740.00119 Control (Germany)/1–1748: Telegram

The United States Political Adviser for Germany (Murphy) to the Secretary of State


137. Personal for Saltzman and Hickerson. Informal discussions were undertaken last night by US and British with French. These were carried on by Steel for British, Saint Hardouin for French and by me. I opened meeting stating that while I had no instructions from [Page 29] my government we should be glad to explain what had been done in Frankfurt. I recalled that basic outline of discussions that had already been given and emphasized that Frankfurt meeting was preliminary discussion to determine what practical steps could be taken to improve economic conditions of Bizonia. I explained that no constitution was envisaged but rather a modus vivendi under which certain proposals have been submitted to Germans. There were no texts as yet to be given but when charters for the bank and the court were prepared they could be shown to the French.

St. Hardouin replied by stating that French delegation would first prefer to take up question of the other discussions which had been proceeding between the experts respecting Saar and particularly question of Saar coal.1 After that they would return to Frankfurt meeting.

We and British then explained that experts had come to agreement on schedule for withdrawal of Saar coal and were now awaiting instructions from our respective governments respecting the date. Negotiations can continue as soon as such instructions are received.

French then stated that in Paris there is apparently misunderstanding with respect to question of Saar trade with Bizonia and question of trade of truncated French zone with Bizonia as result of separation of Saar. French had come prepared to conclude if possible arrangements for separation of Saar from German economy but had not come prepared to discuss in detail question of balance of trade between Bizonia and truncated French zone. French zone would obviously have to pay in goods for coal from Ruhr but difference of opinion had developed in meeting with respect to what goods and what amounts French zone can give for coal. There then ensued long discussion on this point in which British and Americans finally pointed out that if there were a deficit between Bizonia and truncated French zone, deficit would have to be covered in dollars. In other words, Bizonia could not undertake, as result of situation that would arise from separation of Saar, to support economy of truncated. French zone with population of 5 millions. Bizonia had limited funds on which to operate and if balance of payments should lead to deficit it could not be expected that Bizonia could absorb additional costs.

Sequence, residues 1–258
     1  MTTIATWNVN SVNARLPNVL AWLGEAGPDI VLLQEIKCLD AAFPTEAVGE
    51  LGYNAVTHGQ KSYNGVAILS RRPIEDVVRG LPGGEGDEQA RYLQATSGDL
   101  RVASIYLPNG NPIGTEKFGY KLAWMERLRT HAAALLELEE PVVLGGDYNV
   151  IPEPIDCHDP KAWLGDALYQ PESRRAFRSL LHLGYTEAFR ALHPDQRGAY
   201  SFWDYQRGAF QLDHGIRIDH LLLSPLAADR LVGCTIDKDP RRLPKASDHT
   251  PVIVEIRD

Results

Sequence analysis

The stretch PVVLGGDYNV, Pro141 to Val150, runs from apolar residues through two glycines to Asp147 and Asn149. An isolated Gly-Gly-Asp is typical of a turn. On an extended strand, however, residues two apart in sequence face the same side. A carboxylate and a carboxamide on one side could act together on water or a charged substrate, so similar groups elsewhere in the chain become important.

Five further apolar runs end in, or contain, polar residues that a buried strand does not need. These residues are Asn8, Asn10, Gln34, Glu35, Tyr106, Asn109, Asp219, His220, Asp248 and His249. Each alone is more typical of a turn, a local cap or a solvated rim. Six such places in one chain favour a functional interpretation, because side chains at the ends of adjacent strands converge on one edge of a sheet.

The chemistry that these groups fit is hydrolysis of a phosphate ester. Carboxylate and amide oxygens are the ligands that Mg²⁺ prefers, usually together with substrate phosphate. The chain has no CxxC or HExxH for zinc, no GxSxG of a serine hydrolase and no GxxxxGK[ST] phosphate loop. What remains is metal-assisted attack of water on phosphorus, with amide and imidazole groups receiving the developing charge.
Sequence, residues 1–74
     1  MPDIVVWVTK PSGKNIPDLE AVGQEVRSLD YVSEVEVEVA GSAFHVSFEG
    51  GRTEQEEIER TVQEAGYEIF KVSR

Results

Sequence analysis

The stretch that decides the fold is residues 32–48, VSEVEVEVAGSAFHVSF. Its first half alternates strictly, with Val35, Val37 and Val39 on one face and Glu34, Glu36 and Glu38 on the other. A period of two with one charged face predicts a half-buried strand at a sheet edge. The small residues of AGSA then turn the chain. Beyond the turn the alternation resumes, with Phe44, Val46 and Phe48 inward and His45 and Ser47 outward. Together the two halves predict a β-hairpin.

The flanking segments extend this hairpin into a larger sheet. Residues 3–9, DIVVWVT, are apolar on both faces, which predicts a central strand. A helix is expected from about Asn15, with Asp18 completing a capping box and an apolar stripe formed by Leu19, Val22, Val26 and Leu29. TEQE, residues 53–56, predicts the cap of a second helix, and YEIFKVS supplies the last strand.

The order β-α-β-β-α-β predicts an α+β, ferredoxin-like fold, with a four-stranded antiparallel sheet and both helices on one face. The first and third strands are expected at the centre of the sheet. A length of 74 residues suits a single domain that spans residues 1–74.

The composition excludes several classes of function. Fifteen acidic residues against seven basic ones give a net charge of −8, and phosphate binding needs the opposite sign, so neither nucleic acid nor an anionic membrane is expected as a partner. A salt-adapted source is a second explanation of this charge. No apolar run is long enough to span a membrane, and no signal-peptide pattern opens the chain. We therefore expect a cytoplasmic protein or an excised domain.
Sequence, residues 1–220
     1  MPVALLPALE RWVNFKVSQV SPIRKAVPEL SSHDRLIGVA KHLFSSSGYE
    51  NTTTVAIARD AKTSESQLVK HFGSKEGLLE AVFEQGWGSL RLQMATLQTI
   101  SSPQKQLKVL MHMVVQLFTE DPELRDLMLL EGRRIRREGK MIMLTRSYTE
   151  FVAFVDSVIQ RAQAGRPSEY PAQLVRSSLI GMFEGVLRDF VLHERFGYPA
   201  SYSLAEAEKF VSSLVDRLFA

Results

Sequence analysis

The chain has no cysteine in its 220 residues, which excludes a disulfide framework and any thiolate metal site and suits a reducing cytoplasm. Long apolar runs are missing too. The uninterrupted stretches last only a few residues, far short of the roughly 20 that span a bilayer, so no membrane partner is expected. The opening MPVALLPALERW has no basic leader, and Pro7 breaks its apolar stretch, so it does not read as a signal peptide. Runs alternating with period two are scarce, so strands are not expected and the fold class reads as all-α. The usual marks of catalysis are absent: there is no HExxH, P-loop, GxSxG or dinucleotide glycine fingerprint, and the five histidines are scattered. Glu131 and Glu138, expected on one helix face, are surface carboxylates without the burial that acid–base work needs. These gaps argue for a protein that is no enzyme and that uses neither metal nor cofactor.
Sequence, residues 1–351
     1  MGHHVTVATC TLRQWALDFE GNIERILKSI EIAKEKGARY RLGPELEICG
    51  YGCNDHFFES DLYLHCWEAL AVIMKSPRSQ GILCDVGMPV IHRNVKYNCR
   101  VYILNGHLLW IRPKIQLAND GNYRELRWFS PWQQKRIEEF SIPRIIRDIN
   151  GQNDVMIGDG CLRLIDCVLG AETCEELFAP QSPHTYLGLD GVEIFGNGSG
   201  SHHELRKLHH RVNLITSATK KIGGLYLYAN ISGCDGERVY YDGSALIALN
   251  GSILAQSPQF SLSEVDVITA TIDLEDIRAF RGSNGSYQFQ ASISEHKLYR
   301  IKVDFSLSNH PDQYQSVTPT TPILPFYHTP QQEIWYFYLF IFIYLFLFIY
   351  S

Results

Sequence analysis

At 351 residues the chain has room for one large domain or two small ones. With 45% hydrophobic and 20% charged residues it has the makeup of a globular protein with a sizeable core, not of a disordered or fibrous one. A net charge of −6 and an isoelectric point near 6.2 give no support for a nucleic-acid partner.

Discussion then ensued regarding amount of deficit and it was brought out that this would depend upon amount and character of commodities which Bizonia could take. While no figures had as yet been submitted by experts, there was obviously difference of opinion respecting how a balanced trade could be accomplished. French pointed out that an equilibrium could be attained if Bizonia were to accept certain products such as wine. US–UK replied that Bizonia obviously [Page 30] could not absorb luxury products and reminded French that in case of Dutch vegetables and Greek tobacco we had refused sometime ago to take such products however desirable they might be because with our limited funds Bizonia must be certain that only essential products are imported. Furthermore if French wish US–UK to share deficit of their zone they must be prepared to share deficit of Bizonia. US–UK have specific instructions to make Bizonia self-sufficient and are not authorized to increase Bizonia deficit.

To this French replied that in their opinion the two questions of separation of Saar and trade relations of truncated French zone, while related, should be settled separately. US–UK pointed out that this segregation is difficult to make and while we realize that separation of Saar would lead to certain consequences, we could not assume added burdens in respect of French zone which was not under our control and which was not covered in funds available for Bizonia deficit.

I then asked what was estimated annual deficit of truncated French zone and French replied it would probably attain $60 million for food alone.